‘Milk price should be based on value-added basis not commodity’
Processors should be concentrating on marketing Irish dairy products rather than attempting to ‘soften up’ dairy farmers for milk price cuts according to Pat McCormack, Deputy President and Chairperson of ICMSA’s Dairy Committee.
He said that despite the negative soundings currently coming from milk processors in relation to milk price, the facts are that there is no justification for a reduction in milk price and milk.
“While markets have weakened somewhat in recent weeks – which everybody should have anticipated immediately after quota abolition – we are going through an extremely uncertain period and kneejerk decisions in relation to milk price would be very detrimental to farmers’ incomes as well as damaging to the overall confidence in the sector.”
He said that the Irish Dairy Board index at 98.9 only fell slightly on the March level and it’s very striking to note that in April 2012, when the index was below this level, Irish processors on average returned a milk price to farmers of 31.5c/L, which is higher than the milk price paid for March milk this year.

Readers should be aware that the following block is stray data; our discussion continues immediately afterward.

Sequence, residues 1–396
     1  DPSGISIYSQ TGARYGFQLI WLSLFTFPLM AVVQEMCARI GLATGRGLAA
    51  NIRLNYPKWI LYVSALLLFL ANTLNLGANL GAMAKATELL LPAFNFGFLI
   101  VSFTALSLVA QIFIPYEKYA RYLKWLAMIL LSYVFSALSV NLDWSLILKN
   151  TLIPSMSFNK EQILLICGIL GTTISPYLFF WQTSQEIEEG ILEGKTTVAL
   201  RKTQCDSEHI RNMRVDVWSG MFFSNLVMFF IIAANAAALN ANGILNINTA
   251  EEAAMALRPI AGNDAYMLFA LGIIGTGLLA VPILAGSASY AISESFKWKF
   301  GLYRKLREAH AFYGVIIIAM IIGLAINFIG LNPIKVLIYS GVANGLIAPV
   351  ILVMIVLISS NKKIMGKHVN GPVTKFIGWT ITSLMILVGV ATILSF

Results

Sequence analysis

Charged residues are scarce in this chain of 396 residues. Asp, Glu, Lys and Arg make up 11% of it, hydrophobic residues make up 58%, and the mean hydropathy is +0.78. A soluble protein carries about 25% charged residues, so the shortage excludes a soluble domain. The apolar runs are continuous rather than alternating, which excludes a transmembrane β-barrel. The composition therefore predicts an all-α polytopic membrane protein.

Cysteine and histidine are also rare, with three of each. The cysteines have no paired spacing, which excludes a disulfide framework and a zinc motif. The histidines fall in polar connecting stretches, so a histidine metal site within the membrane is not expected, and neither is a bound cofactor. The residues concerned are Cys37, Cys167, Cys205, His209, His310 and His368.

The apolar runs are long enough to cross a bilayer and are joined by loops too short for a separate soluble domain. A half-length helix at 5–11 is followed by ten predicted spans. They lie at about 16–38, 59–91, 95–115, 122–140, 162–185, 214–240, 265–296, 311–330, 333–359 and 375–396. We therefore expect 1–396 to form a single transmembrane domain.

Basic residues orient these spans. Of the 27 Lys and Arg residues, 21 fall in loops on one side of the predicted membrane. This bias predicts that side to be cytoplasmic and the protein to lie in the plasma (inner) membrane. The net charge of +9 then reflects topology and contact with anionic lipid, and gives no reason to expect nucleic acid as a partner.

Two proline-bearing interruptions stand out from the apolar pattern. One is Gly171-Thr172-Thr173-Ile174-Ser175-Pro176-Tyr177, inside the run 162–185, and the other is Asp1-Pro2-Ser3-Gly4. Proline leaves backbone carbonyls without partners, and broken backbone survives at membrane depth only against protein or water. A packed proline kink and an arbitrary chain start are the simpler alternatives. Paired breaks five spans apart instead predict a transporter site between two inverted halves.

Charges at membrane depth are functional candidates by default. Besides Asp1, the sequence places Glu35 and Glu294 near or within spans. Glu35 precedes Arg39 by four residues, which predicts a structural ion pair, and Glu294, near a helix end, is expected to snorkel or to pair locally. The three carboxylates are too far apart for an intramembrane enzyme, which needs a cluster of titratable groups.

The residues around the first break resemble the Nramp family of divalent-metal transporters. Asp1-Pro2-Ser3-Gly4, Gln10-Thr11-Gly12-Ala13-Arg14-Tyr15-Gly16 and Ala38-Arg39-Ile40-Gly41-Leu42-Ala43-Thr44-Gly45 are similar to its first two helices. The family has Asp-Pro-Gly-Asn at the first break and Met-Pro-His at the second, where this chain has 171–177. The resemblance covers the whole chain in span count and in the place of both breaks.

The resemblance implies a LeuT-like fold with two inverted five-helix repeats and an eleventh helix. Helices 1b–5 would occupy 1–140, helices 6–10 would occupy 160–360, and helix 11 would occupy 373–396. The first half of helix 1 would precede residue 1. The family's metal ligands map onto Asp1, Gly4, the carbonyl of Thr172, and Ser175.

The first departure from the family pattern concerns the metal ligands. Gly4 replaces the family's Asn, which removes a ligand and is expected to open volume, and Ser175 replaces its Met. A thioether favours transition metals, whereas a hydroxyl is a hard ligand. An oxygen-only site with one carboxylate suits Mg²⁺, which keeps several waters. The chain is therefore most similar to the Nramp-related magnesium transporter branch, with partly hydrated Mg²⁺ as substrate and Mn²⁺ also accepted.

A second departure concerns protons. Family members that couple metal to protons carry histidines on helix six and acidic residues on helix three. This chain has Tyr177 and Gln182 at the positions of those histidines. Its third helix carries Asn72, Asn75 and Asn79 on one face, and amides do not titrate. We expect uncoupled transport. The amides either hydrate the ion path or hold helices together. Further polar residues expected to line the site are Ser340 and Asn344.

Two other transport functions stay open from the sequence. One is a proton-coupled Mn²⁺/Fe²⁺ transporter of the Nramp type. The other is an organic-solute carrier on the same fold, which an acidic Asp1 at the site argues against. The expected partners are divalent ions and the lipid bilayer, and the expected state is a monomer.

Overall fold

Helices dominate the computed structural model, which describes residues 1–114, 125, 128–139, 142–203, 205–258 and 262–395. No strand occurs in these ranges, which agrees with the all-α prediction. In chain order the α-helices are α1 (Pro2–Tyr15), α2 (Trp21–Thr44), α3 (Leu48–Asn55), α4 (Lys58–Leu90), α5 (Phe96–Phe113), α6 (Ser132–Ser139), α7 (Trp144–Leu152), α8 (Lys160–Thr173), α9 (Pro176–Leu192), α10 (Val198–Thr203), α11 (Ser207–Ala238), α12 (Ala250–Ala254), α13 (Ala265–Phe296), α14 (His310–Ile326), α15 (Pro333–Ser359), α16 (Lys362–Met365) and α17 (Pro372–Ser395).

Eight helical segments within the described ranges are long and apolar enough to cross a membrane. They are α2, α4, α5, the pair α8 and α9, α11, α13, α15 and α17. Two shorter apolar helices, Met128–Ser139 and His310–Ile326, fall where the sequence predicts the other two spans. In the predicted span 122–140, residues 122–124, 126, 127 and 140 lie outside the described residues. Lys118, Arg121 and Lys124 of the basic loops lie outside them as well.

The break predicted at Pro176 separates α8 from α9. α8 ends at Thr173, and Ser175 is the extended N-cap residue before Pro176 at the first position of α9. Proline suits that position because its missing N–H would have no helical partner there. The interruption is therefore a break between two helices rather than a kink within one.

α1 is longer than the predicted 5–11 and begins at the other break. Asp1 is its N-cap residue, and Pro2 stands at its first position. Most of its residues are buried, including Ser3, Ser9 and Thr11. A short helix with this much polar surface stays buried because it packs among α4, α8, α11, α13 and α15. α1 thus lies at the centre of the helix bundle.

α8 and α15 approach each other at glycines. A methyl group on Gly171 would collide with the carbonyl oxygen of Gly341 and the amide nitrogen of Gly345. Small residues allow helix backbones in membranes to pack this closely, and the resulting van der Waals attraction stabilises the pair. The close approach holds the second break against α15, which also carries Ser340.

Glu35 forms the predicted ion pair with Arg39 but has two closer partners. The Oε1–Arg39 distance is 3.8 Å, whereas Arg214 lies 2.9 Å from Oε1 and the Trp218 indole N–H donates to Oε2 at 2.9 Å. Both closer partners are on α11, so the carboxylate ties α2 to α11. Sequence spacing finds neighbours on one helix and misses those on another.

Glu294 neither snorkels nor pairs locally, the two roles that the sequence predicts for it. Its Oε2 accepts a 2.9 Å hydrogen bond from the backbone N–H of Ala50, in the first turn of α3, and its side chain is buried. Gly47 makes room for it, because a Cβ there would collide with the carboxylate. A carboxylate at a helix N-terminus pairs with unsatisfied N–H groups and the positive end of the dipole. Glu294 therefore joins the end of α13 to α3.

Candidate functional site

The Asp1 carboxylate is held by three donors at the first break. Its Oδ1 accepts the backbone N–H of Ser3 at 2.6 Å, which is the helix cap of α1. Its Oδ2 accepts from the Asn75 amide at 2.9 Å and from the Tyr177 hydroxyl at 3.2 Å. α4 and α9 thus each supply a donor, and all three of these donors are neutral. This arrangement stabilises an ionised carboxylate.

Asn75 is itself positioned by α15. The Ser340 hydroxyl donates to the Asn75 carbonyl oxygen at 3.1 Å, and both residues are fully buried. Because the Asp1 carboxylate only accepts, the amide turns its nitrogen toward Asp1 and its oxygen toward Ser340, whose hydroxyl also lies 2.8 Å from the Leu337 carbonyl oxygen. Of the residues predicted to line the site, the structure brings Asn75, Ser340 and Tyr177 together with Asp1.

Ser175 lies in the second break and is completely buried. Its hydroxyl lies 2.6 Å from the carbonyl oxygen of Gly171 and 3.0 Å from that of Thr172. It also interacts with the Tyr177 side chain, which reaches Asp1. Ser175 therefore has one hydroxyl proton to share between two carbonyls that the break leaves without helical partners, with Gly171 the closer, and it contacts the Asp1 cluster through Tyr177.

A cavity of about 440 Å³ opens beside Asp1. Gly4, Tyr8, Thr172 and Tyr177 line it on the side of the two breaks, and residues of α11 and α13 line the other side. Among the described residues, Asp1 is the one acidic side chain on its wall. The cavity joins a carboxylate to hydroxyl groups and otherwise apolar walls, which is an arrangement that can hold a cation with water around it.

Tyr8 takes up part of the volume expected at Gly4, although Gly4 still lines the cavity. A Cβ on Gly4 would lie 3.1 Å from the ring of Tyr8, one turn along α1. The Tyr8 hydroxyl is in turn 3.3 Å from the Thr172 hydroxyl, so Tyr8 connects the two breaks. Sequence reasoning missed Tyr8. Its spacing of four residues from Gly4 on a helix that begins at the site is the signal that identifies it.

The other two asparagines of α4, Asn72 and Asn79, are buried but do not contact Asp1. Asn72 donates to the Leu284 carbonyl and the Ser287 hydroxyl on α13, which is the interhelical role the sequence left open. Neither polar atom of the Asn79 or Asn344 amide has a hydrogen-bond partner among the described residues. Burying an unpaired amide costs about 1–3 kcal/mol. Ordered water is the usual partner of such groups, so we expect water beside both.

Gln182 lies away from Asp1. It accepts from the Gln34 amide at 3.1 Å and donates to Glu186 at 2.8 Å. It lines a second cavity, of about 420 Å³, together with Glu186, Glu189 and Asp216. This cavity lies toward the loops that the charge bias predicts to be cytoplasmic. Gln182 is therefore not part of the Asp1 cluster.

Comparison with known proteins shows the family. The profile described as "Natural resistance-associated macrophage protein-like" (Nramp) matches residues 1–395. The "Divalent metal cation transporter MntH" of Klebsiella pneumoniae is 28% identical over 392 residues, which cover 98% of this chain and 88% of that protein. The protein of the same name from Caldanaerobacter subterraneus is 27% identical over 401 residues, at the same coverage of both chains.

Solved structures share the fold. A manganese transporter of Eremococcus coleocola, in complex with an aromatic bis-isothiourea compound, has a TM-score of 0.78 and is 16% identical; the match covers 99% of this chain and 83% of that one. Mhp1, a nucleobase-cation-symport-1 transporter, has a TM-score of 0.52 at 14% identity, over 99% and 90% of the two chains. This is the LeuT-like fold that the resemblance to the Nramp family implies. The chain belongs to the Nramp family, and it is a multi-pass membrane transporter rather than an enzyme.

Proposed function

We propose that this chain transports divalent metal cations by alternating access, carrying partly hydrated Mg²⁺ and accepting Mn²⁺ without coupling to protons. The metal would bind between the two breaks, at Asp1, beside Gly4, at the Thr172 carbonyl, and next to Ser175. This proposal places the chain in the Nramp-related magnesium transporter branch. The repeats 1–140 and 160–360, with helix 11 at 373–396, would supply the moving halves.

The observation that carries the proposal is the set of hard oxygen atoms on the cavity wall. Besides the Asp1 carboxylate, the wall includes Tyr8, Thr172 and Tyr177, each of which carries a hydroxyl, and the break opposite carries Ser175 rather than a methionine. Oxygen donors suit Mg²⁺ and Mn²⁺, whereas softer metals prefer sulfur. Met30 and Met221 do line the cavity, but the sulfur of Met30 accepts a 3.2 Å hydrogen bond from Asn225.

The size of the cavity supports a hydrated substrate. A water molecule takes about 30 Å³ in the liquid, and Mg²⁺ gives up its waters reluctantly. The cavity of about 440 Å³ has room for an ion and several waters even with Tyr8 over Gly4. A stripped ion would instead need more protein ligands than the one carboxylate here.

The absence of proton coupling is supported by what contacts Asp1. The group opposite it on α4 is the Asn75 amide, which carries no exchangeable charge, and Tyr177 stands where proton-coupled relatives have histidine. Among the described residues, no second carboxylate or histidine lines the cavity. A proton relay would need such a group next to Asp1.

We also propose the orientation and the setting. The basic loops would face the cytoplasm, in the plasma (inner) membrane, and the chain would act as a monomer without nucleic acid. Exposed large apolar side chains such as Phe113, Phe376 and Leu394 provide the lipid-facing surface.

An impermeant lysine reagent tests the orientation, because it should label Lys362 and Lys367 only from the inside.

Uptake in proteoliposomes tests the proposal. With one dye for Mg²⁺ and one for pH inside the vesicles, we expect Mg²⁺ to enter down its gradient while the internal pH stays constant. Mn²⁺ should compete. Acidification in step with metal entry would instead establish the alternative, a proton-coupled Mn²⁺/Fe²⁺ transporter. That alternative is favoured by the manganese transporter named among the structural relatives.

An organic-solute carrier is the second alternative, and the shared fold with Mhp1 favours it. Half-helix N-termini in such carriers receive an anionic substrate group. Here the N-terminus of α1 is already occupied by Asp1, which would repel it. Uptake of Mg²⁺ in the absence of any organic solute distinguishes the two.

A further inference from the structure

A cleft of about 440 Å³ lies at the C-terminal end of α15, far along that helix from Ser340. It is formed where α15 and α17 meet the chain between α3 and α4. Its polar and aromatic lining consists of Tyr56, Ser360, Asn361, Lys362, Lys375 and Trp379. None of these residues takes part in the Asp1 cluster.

“In addition, despite the additional milk going onto dairy markets, ‘spot’ market prices are holding up reasonably well with reported prices returning 30c/L for commodity butter and SMP with similar price levels in the UK”, said Mr McCormack.
He also said that considering the massive investments made by our processors in improved facilities to deliver higher value-added and by Ornua (formerly the Irish Dairy Board) in marketing initiatives and routes to market, farmers rightly expect that milk price now being returned to them should not be a commodity price but a price based on the value-added products that our processors are now producing.
“Farmers are investing in this processing and marketing capacity and we now expect a return on this investment through a milk price well above the commodity price, otherwise we can justifiably ask ourselves: What was all this investment for?
“It is hugely important to remember that the next three months will determine the success or otherwise of the 2015 milk year for dairy farmers, many of whom have had very severe superlvy fines imposed upon them, and dairy farmers will not accept a scenario where milk price reductions are implemented that are not justified by the prevailing market.
“Dairy farmers have invested in the processing and marketing capacity, processors had an excellent 2014 and it is critical that they deliver a strong milk price for dairy farmers over the coming three months,” he said.